The mirror on a 'blad would score pretty highly on the Richter scale...
Originally Posted by NB23
"He took to writing poetry and visiting the elves: and though many shook their heads and touched their foreheads and said 'Poor old Baggins!' and though few believed any of his tales, he remained very happy till the end of his days, and those were extraordinarily long "- JRR Tolkien, ' The Hobbit '.
Try a Bronica S2A or a Pentax 67 sometime. I don't think the scale would go high enough for the S2A.
Originally Posted by Black Dog
I think the title of this thread should be changed as it does not appear that there is a "last word." I think perhaps "Ongoing Words: Rolleiflex vs Hassey" would be a bit more accurate.
I'd guess that in reality the last word is which of the two makes a poster in the thread is actually still using. I my case I never had any interest in Hasselblads but have used 4 Rolleiflexes (or Rolleicords) and have an MPP Microcord which is a UK better engineered version ot the Rolleicord III with a higher quality (compared to the Tessar) Xpres lens.
So I happened to go down the Rollei TLR route 6 or 7 years ago, it's about knowing your cameras capabilities and getting the most from them, I have no doubt I could get excellent results from a Hasselblad. I happened to use a Bronica S2a firts in the 1970's and the system was superb but I went for a Mamiya 645 system in preference, it was just what suited me best and at the time I didn't like or rather utlise the square format even when I had mamiya C3 & C33 cameras so 645 made much more sense.
These days after buying a Yashicamat 124 and reviving a mint dried our Rolleiflex 3.5 E I find the square format is wonderful and I always work to it, it's by instinct though I vcan work to many formats and never crop.
Bought a YashicaMat first and then moved to Rolleiflex. Have two now, one is an MXV Automat circa 1954 and the other is a Tele-Rolleiflex from around 1960. Still have all three along with several Ikoflexes. Enjoy them all immensely though I am nowhere near mastering any of them. I cannot seem to live without the view in that glass.
In the meantime I have owned a Mamiya 645. It never worked quite right, I think it was about used up by the time I got it. Sold that, bought a Hassy 501CM. The pix were fine but I sold that and bought a Pentax 645Nii. Most of my best shots have come with the Pentax but I am addicted to the Rolleis so I keep using them.
I keep telling myself I could live only with a Rollei and a 645Nii, and maybe one day I will.
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As cheap as film cameras have become, why not one of each?
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Now you're talking! Get a Yashicamat (12, 124, 124G), Roleiflex, Blad, Mamiya............................................ .................................................. ..or whatever else tickles your fancy. That way you can decide just exactly what fit your style and type of photography. That's what I did, but watch out for the trap! The trap is you'll want to keep them all and it's not good for the pocket book or sometimes the marriage. JohnW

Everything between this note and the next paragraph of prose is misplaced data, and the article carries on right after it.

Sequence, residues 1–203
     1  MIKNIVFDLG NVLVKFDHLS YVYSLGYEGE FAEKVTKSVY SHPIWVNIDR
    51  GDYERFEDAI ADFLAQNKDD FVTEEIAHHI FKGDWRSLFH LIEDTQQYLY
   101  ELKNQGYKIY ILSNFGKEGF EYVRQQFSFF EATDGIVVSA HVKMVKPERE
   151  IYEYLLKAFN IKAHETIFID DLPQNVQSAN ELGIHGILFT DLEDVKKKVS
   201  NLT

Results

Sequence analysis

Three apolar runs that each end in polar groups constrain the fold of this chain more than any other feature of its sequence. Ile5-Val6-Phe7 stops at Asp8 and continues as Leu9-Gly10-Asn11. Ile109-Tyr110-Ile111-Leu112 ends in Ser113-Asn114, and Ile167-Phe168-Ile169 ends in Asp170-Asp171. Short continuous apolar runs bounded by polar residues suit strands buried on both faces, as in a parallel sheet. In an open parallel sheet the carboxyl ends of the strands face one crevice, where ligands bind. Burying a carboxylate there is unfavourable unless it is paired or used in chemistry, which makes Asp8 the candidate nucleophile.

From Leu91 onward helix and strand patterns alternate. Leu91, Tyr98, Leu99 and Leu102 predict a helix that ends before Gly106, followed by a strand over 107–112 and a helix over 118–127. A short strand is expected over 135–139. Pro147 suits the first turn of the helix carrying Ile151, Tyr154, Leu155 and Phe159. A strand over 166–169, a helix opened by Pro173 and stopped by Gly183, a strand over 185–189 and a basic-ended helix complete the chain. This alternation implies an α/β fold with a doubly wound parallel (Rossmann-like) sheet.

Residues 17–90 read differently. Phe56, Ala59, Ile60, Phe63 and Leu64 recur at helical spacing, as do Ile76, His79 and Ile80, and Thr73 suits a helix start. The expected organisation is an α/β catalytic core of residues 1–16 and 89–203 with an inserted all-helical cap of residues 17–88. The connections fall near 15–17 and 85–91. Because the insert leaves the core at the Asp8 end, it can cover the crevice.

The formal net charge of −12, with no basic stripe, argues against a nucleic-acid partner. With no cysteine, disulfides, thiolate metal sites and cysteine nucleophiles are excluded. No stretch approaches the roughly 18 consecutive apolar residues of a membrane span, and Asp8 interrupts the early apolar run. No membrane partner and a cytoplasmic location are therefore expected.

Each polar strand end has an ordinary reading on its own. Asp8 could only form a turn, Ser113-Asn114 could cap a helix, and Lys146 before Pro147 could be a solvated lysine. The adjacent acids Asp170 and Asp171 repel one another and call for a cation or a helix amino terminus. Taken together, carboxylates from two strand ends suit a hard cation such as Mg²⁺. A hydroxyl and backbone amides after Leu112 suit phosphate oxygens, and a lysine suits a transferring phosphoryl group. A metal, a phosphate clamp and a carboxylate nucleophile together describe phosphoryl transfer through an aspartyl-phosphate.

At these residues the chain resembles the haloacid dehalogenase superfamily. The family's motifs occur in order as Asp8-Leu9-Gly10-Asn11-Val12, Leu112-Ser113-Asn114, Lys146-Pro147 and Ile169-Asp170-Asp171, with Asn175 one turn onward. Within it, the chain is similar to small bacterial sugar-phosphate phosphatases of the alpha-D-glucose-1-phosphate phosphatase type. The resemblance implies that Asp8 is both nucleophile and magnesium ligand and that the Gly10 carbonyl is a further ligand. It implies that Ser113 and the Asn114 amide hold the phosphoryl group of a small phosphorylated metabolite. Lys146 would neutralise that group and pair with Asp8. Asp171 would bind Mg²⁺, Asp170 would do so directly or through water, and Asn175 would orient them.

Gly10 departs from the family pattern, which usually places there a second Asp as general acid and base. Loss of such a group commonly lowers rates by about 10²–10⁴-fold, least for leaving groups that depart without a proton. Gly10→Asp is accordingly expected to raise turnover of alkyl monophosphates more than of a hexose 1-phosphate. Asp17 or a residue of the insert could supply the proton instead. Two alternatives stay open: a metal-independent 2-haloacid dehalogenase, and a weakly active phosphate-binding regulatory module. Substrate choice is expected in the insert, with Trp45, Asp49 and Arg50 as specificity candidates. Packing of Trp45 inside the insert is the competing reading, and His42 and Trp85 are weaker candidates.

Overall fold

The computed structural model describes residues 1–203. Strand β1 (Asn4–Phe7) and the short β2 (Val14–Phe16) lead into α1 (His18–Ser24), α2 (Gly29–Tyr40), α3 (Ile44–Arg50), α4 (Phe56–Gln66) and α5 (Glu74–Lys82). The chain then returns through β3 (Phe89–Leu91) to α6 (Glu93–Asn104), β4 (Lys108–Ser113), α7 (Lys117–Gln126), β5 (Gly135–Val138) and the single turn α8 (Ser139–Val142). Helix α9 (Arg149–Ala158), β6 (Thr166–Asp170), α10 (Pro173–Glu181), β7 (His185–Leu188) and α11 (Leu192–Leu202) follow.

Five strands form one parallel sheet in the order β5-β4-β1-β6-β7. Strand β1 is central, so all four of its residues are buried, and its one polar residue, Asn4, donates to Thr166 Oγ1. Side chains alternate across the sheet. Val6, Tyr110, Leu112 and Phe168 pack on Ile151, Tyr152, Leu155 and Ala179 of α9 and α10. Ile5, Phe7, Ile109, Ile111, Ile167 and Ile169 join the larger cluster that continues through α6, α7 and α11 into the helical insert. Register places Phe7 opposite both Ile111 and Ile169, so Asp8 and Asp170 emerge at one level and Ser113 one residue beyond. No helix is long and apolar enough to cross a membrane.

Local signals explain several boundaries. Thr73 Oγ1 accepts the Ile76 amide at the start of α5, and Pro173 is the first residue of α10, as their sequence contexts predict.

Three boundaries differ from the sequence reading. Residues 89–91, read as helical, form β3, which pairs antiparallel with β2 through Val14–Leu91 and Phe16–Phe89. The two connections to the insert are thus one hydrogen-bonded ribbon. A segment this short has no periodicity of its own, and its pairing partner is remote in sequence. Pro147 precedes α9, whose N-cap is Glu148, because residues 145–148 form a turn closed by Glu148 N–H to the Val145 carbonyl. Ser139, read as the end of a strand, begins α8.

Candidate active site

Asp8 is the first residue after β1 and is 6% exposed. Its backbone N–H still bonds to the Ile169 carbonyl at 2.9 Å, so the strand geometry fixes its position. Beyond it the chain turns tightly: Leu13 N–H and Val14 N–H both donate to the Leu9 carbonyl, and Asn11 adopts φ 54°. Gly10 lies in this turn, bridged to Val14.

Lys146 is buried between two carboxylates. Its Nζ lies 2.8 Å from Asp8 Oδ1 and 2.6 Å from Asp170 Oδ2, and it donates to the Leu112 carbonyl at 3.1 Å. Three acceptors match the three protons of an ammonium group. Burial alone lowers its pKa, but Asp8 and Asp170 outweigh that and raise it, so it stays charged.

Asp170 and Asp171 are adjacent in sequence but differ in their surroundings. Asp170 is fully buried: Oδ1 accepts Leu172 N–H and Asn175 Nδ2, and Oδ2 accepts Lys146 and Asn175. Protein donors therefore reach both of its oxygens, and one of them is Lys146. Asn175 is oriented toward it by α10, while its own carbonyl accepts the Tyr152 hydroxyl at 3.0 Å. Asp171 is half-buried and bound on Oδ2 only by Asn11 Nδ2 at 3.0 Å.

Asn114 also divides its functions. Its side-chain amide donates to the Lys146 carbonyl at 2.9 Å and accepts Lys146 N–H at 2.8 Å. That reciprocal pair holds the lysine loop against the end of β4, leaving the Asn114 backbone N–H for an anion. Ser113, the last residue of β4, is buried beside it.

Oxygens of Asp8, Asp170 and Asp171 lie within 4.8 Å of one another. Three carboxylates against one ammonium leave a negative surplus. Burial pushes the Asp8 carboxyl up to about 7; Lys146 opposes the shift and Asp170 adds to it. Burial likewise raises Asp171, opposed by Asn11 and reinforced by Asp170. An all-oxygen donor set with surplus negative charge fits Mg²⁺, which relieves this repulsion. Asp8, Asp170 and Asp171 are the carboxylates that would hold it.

Originally Posted by ambaker
I've never gone in for Hasselblads because of the price of the lenses, but I do think in general it makes sense to have "one of each" between TLRs and some kind of MF system cameras. The benefits of each have been decently covered in this thread, and they're quite complementary.
See? *That's* how you do a "last" word. :-)
San Diego, CA, USA
The lady of the house has to be a pretty swell sort of person to put up with the annoyance of a photographer.
-The Little Technical Library, _Developing, Printing, And Enlarging_
I can't believe that so many posts CAN be made about something like this.
They are not exactly the same, are they? There's a reason they took Haaselblad cameras to space, used them for scientific photography, and that they were so popular in studios. They are good at applications like that. Extremely competent cameras.
Rolleiflex TLRs are of a different kind. They are smooth, light, beautiful devices that work so well for art photography, more casual and relaxed, every day use, away from the tripod.
They are completely different animals. Both very competent, but apples and oranges, and it comes down to shooting technique which suits the user best. Both cameras are capable of extremely high print quality. Mirror vibration has not been an issue in my years with Hasselblad.
"Often moments come looking for us". - Robert Frank
"Make good art!" - Neil Gaiman
"...the heart and mind are the true lens of the camera". - Yousuf Karsh